Value-added in the Convenience of the Printed Page
Just so you know, this is me, in 200 words.
I've been banging around the print biz wearing various hats since the late '80s. I've bought print, run mail programs and managed data-driven print long before it was called that. Been a marketing director. Won a Caples Award. Helped a bunch of quick printers get rolling with electronic publishing and digital print. Edited three print magazines and two websites. Ran a fly-fishing magazine. Wrote a book. Written a bazillion articles, columns, case studies, interviews, white papers and given lots of talks on the power of putting specks of toner and drops of ink on a page. Shot a lot of video, some of which shows up on my YouTube channel, RealWorldPrint. I've evolved into a marketing guy who helps industry vendors and print providers tell the story—in print, on the web and on video—of how they can help customers make more money and be more successful.
So, I travel, write, speak and shoot video, all focused on how digital print works in the real world. Hence the name of this blog, where I'm going to wonder, worry, comment, rant and ruminate. And I welcome your feedback because this should be a two-way communication. Let’s have some fun.
Wikipedia Does Books
Wikipedia is often the first stop on the web for basic information on people, places and things. But with all the links and details it can be unwieldy to gather and read all the stuff you collect. It's no fun to have 30 or so tabs open and flip back and forth, even on a nice big monitor. And even if you print out all the pages, you just wind up with a stack of single-sided letter size pages that may not be all that convenient to read and use.
But suppose you could combine all those pages into a customized, perfect bound book, digitally printed and delivered to your door in about 48 hours?
That's the idea behind PediaPress. Already up and running in 17 languages in 33 countries, it's now available in English and seems like a compelling way to aggregate a lot of content that may only be relevant to you, and in a more portable format than a bunch of loose pages. If an electro version is your preference, you can also create a PDF in book form.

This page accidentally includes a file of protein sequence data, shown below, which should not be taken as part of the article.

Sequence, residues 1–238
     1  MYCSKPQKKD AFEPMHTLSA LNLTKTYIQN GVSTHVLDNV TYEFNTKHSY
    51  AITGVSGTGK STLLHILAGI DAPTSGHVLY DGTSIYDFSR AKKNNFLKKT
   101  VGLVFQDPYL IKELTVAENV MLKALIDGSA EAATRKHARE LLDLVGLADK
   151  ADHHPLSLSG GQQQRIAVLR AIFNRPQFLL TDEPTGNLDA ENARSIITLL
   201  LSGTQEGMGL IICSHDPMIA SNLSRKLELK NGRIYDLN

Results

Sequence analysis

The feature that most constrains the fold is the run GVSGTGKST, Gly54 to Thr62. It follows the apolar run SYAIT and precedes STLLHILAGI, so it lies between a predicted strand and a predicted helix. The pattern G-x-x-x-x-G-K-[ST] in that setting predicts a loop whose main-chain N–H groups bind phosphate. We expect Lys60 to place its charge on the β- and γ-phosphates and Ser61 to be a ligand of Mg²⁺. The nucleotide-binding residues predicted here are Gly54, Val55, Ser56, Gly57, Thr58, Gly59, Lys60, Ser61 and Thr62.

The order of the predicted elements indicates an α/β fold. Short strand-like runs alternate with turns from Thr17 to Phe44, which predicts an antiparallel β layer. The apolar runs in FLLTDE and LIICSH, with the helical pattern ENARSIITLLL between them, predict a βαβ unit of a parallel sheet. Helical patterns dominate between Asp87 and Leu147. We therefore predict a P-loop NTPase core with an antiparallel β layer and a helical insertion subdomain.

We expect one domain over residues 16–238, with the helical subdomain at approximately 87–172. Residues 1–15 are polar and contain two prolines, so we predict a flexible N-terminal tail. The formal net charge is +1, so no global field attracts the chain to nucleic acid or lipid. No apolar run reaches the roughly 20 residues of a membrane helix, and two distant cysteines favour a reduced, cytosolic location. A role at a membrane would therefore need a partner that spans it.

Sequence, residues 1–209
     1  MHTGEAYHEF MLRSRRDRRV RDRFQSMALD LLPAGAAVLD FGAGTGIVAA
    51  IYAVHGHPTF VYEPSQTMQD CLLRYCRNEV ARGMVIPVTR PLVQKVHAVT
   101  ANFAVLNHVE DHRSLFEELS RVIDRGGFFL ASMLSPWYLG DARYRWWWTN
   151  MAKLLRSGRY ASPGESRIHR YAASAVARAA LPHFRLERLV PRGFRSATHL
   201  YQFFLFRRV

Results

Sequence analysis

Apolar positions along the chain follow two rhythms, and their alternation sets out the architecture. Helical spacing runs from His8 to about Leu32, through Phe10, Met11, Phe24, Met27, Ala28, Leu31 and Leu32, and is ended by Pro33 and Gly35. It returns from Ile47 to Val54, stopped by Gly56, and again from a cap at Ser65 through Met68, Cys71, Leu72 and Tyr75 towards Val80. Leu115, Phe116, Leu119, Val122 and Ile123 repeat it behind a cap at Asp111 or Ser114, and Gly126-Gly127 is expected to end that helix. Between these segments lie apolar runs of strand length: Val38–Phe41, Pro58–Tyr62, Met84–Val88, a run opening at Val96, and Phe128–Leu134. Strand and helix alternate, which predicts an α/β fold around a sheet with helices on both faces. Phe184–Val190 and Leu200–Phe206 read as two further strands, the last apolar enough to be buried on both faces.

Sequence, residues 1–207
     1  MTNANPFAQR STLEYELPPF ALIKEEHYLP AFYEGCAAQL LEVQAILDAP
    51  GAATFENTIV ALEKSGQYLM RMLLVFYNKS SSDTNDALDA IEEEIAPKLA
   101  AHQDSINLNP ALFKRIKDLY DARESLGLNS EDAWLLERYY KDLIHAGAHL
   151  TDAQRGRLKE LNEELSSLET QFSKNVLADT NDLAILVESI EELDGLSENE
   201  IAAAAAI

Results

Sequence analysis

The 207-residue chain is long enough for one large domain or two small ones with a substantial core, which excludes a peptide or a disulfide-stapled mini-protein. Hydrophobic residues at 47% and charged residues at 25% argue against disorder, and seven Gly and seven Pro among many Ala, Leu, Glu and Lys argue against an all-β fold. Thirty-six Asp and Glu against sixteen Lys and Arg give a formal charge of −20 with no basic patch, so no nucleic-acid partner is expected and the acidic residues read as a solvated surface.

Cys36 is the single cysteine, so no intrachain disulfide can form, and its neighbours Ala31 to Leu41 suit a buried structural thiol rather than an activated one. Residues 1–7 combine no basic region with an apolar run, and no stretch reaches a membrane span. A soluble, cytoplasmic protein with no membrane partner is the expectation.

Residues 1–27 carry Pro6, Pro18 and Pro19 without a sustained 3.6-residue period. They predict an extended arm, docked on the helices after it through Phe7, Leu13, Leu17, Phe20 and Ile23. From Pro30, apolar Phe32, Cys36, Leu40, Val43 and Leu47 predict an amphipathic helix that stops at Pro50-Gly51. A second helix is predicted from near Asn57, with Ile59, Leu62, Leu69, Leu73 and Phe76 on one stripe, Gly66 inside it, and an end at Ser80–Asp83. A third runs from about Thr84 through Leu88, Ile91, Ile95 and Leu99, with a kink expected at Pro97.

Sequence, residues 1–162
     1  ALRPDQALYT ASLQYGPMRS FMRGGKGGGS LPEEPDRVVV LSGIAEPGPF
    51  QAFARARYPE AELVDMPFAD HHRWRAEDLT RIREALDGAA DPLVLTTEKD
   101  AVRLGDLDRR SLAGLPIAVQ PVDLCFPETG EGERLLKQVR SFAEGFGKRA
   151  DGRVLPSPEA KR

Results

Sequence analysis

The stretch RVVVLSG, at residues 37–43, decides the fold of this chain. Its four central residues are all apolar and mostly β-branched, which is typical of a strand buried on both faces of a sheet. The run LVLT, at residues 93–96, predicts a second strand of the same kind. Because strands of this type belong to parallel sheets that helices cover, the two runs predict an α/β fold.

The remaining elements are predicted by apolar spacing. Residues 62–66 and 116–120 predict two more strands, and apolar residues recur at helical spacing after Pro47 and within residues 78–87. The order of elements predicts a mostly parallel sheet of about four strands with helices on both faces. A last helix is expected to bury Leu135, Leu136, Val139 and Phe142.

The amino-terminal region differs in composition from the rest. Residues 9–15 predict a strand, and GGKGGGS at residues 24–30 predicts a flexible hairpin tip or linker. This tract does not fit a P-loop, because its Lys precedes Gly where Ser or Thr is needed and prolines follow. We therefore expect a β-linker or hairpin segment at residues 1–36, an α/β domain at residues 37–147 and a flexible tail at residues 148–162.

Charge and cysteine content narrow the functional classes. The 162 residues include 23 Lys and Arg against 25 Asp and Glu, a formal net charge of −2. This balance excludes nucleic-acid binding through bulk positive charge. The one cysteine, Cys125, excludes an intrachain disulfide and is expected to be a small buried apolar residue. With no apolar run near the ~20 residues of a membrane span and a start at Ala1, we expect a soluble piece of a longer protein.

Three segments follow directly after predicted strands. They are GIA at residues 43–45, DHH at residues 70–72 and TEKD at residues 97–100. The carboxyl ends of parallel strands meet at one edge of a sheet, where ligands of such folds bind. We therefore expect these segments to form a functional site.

You can read about it and view a short video here.
The video example uses a fictional planned trip as the foundation for creating a custom travel book. This seems like a perfect application and I'll actually try this out and report back on how well it works. I'm doing a cross-country trip next month with my daughter and will pull together Wikipedia info on some of the places we want to stop and things we want to see. I've already poked around the websites for details on some of the places, but there's no convenient way to extract and compile all the info I want. Maybe PediaPress will do the job.
So, one might ask, "What's wrong with just pulling all this info wirelessly and paper-free on a smartphone or iPad?" Good question. And the answer lies in the convenience of the printed page. Reading from even a great screen can be tiring and not every place has Internet or cell phone reception. And a book is a lot friendlier than the screen of a smartphone, laptop or iPad while cruising along the interstate at 80 mph or negotiating a dirt road in the desert. And for the two of us, a bound book will also be a great memento of our trip.
I can see this kind of truly personalized publishing being expanded and creating a vast new range of one-off titles. Imagine being able to go to a couple dozen websites, say of national parks, and select the information you want to have with you when traveling or researching a given topic. Then that info could be saved, stored, compiled and formatted into a custom book. OK, there are rights issues to work out, and probably payment for content used, but that's mostly logistics. While hardly a killer app, this could be a great link between the web and print, and is another way these two media can be very complementary.